Legislation was introduced this week in the Rhode Island House of Representatives to advance the development of new statewide academic standards to be better aligned with the common curriculum. 

The legislation, introduced by Rep. Joseph McNamara (D-Dist. 19, Warwick, Cranston), would “provide for the review of existing and the development of new statewide academic standards by the commissioner of education.” 

The act would also require that all curriculum frameworks be aligned with these standards as well as with the standardized state tests being implemented in the state, including the current Rhode Island Comprehensive Assessment System (RICAS).

“Common Core State Standards are what a student should know when he or she graduates from a certain grade. The curriculum — the method by which those standards are taught — should be based upon those guidelines,” said McNamara, who also chairs the House Committee on Health, Education and Welfare. 

The bill, according to McNamara, seeks to develop, share and maintain a consistent curriculum across the state “that is aligned with Common Core State Standards.”

“It will authorize the commissioner of education to review these standards and develop a statewide curriculum so that the standards, curriculum and assessments are all aligned and any gaps are eliminated,” McNamara continued. 

The legislation would also direct the commissioner of education to annually submit a report to the governor and the General Assembly on the progress of developing standards and curriculum frameworks.

The goal, McNamara said, was to give parents a clear map of what their children would be learning and have it be consistent statewide. 

“This is important for two reasons. First, Rhode Island is very small. There are school districts in the country that are as big as Rhode Island. There’s no reason why we can’t have a curriculum that is consistent throughout the state,” he said. “Second, and more importantly, there is a high rate of student mobility in Rhode Island that reaches the 22 to 24 percent range in some communities.”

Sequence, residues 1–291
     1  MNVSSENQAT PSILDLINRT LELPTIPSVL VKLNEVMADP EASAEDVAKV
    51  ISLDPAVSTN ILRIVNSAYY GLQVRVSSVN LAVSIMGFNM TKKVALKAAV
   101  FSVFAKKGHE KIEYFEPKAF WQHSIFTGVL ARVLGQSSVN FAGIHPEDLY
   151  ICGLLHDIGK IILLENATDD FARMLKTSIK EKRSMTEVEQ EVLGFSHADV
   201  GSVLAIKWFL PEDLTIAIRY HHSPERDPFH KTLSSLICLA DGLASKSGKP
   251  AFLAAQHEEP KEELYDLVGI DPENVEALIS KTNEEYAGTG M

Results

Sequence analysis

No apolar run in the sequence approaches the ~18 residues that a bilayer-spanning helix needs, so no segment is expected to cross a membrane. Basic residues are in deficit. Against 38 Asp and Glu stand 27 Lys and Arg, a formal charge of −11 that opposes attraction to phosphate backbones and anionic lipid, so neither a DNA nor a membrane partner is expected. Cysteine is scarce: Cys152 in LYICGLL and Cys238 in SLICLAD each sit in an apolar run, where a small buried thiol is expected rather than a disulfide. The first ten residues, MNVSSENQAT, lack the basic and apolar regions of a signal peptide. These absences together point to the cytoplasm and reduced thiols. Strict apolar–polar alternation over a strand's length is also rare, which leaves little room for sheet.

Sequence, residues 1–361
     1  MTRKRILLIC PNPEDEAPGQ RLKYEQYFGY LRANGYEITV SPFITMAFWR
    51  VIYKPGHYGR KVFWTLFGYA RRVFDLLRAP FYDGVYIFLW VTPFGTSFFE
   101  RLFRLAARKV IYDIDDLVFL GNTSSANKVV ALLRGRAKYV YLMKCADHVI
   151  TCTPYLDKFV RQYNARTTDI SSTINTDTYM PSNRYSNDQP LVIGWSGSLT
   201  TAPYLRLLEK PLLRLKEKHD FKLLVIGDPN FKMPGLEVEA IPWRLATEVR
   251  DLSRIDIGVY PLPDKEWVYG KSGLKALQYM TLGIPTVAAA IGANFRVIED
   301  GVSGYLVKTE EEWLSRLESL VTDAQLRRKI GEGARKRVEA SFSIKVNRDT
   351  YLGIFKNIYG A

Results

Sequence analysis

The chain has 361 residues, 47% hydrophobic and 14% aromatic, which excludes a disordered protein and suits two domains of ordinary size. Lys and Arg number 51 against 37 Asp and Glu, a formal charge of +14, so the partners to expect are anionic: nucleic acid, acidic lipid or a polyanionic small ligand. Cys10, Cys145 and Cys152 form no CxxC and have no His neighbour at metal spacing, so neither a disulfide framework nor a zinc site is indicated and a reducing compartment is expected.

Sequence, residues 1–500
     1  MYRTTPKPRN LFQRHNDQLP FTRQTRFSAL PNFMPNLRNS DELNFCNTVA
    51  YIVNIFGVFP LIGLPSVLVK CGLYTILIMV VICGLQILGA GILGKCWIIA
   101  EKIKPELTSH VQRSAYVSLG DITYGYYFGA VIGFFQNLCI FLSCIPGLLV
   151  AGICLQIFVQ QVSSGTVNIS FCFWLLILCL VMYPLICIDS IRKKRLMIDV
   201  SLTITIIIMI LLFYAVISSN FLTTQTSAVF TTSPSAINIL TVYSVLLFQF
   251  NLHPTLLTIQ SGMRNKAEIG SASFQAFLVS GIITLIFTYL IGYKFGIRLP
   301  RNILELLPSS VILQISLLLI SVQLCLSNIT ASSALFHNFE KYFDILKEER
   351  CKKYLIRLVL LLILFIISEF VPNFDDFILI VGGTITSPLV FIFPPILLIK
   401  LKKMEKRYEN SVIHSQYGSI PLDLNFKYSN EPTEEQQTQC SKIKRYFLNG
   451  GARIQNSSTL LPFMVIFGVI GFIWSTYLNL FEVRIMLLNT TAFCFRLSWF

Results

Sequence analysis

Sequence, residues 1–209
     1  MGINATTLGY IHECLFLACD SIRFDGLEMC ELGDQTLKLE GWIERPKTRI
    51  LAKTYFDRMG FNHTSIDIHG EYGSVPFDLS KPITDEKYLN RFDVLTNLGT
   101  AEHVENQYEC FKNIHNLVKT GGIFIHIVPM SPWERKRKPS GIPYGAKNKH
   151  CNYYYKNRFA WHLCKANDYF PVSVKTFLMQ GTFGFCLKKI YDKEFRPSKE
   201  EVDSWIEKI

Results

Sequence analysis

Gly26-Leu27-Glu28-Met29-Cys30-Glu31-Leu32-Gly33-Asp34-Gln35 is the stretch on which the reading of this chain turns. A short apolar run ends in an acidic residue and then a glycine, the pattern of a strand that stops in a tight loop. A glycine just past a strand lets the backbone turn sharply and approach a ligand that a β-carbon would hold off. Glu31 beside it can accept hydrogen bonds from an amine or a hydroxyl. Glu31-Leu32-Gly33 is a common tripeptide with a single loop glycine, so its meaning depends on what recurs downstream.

“Consistency will help students who move from school to school or from district to district, and keep them from being overwhelmed by substantial changes in what they’re learning,” he added. 

Rep. Julie Casimiro (D-Dist. 31, North Kingstown, Exeter), who co-sponsored the bill, said that following the latest RICAS scores, Rhode Island needed to act “rather quickly.” 

“I think it’s important that we do things immediately to get the best possible outcomes for children,” Casimiro said Monday. 

RICAS–the state’s administration of the Massachusetts Comprehensive Assessment System–assesses the public education of Rhode Island in comparison to Massachusetts’, the nation’s highest-performing state. 

According to the results, Rhode Island scored 17 percentage points lower than Massachusetts in English Language Arts (ELA) and 20 percentage points lower in mathematics.

“I am a big supporter of education. I always have been,” Casimiro said. “I led the commission for later high school start times and I’m now leading a commission for school time learning and I just think that it’s up to us, as the adults, to do whatever we can to get the best possible outcomes for our young people.”

Casimiro also said she expects the bill to pass the Rhode Island House of Representatives.  


Recommended for you

(0) comments

Welcome to the discussion.

Keep it Clean. Please avoid obscene, vulgar, lewd, racist or sexually-oriented language.
Don't Threaten. Threats of harming another person will not be tolerated.
Be Truthful. Don't knowingly lie about anyone or anything.
Be Nice. No racism, sexism or any sort of -ism that is degrading to another person.
Be Proactive. Use the 'Report' link on each comment to let us know of abusive posts.
Share with Us. We'd love to hear eyewitness accounts, the history behind an article.